Too many Quebec families are making the wrong financial choices... choices that can stay with them for the next 25 years.
Not enough people take the time to get all the facts or to talk to an expert about managing their liabilities.
There’s a lot of noise in the market. Will interest rates go up? Will Quebec housing prices drop in the next few years?
The Canadian economy is a bit precarious. The unemployment rate is low (good news), oil prices are low (not so good for the economy in Western Canada), inflation is around 2% (under control) and Canadian household debt is at an all-time high (very problematic). All of this suggests that interest rates will continue to be low for several years and that real estate prices in Canada will continue to rise.
We believe the next real estate crisis will be triggered not by rising interest rates but by a shortage of financing. Since 2012, the government has announced a number of measures to restrict access to credit. These measures are starting to slow real estate speculation, especially in Vancouver and Toronto. Foreign investors are now making their way to the Montreal area.
A number of steps have been taken to reduce systemic risk. For one thing, the government has put a cap on the mortgage amount insurable by the CMHC. Also, lenders can no longer get portfolio insurance for conventional loans or for homes worth more than $1 million. Canadian debt levels continue to climb at an unsustainable rate.
The Office of the Superintendent of Financial Institutions (OSFI) is now concerned about conventional loans and home equity lines of credit since most of these loans are held on the books of financial institutions.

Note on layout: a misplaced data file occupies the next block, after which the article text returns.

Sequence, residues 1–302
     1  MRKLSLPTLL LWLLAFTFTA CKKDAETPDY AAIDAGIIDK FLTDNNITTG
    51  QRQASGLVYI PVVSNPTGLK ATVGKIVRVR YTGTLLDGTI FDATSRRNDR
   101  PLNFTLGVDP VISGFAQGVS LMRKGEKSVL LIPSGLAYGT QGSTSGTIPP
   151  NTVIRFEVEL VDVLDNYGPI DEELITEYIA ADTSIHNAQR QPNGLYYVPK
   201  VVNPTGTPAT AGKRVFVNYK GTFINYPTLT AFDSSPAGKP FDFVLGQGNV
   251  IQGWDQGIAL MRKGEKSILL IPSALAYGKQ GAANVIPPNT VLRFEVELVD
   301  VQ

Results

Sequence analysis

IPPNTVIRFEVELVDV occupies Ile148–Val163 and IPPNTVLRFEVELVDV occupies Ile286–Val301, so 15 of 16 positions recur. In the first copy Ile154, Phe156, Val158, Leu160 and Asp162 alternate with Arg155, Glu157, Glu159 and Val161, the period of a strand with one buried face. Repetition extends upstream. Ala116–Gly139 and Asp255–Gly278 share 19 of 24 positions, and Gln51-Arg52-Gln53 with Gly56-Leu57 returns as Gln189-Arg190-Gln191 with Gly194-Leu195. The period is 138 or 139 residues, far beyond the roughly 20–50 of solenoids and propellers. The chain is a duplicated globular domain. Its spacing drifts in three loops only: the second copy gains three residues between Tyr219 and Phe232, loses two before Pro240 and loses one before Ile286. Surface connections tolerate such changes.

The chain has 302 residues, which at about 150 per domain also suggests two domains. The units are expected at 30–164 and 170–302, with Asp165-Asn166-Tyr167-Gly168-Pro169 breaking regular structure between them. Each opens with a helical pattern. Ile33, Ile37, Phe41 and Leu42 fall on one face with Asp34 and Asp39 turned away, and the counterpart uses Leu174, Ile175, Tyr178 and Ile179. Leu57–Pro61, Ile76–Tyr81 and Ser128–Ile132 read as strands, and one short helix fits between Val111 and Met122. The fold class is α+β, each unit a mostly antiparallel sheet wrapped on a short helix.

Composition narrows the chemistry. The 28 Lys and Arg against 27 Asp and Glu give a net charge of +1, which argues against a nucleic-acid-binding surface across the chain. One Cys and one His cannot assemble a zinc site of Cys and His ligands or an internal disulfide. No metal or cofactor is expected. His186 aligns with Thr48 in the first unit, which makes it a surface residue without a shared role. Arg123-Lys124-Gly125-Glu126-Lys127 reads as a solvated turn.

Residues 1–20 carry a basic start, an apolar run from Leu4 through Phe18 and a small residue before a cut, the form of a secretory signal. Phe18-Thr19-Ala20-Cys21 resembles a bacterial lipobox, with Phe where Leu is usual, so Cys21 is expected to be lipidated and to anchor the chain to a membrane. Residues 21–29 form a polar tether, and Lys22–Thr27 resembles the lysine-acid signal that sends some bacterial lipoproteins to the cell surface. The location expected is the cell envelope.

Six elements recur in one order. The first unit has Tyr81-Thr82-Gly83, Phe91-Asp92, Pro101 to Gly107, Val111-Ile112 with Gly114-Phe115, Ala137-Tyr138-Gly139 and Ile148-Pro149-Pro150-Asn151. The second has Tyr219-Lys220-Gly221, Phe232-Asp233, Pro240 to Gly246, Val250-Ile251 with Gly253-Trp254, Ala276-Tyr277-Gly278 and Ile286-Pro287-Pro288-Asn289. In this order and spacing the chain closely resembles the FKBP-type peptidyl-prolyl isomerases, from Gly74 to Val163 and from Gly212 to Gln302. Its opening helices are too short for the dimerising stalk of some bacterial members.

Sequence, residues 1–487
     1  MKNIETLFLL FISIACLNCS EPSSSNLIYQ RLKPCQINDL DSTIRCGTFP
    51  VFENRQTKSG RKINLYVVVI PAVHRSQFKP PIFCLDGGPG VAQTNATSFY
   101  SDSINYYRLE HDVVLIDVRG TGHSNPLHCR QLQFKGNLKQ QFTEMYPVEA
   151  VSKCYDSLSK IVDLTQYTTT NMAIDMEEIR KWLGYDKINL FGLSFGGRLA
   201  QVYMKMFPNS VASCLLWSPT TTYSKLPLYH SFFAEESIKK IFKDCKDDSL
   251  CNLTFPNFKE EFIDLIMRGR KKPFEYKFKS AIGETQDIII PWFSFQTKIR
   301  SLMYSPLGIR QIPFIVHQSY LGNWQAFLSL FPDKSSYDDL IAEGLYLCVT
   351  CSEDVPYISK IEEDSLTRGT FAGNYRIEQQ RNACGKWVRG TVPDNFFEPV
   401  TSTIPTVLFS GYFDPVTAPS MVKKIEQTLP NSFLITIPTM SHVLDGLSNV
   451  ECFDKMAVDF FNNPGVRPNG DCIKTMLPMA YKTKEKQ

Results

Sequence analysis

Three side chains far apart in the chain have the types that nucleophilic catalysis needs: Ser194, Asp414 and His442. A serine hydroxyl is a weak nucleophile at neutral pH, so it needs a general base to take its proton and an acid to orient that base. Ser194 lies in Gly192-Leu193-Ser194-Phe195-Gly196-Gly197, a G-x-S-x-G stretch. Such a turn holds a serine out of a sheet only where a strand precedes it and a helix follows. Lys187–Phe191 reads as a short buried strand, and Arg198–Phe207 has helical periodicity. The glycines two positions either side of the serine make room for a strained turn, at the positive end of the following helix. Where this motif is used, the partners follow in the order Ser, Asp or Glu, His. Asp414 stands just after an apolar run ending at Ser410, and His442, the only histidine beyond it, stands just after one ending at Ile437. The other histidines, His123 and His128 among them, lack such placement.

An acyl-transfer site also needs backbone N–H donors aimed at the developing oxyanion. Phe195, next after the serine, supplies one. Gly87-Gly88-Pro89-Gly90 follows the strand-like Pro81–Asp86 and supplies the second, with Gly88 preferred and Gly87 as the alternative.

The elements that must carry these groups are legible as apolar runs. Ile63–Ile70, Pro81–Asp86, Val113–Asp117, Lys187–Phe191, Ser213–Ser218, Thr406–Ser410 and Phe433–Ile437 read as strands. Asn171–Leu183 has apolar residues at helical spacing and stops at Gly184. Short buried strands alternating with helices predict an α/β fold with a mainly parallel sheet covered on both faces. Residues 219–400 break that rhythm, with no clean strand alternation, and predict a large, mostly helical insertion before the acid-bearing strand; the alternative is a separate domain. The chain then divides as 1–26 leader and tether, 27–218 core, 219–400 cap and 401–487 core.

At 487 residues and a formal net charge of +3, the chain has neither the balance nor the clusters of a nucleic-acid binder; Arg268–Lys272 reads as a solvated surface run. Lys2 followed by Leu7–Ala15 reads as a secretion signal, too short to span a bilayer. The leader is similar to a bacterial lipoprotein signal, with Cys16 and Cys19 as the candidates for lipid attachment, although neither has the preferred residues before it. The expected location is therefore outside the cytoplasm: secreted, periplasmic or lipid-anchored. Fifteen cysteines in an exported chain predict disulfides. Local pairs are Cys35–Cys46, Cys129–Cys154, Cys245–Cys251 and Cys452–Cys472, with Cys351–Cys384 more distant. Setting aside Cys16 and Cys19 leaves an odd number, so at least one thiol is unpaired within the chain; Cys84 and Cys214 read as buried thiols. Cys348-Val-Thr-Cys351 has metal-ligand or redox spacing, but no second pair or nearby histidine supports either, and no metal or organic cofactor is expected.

No way out
With housing prices inversely correlated with interest rates, the price of real estate continues to climb. Simply put, the financial leverage of Canadian households is increasing because interest rates have reached a low of 3%. A rate increase could reverse that trend, and the shift has already begun.
Consider a young couple buying their first home. Let’s assume their gross annual family income is $90,000 and their car payments are $350/month. The down payment will be a gift from their parents since they haven't saved up the 5% they need. How much do you think they can borrow to buy a home?
The answer is they could get a loan for $419,000, including the CMHC premium, to buy a $425,000 home. Is this reasonable?
Gone are the days when the rule of thumb for buying a home was three (3) times your gross annual income.
What will happen to the couple in 5 years? They’ll have no way out! Even assuming a 2% salary increase, if rates go up 1%, they’ll find themselves with a debt ratio that exceeds the defined standards and no option to leave their current financial institution or negotiate a better rate elsewhere. With the new refinancing rules now limited to 80% of the property's value, they won't be able to change financial institutions when the term is up, especially if the government wants to carry out stress tests using the posted rates of 4.94% for conventional loans. And keep in mind that the rate used for stress testing is gradually going to go up.
What happens if the market value of the couple’s home drops by 10% to 15% in the next 5 years? The mortgage balance will be higher than the value of their home. Once again they’ll be trapped, with no option to leave their current lender for better terms. Banks are currently trying to gain market share. Their posted 5-year rate is 4.84% but as of September 27, 2017, borrowers could negotiate a rate of around 3.19%. Since you can't leave your current bank if your ratio doesn't meet the standards, what’s stopping the bank from renewing the loan in 5 years at the posted rate rather than the rate you’ve negotiated?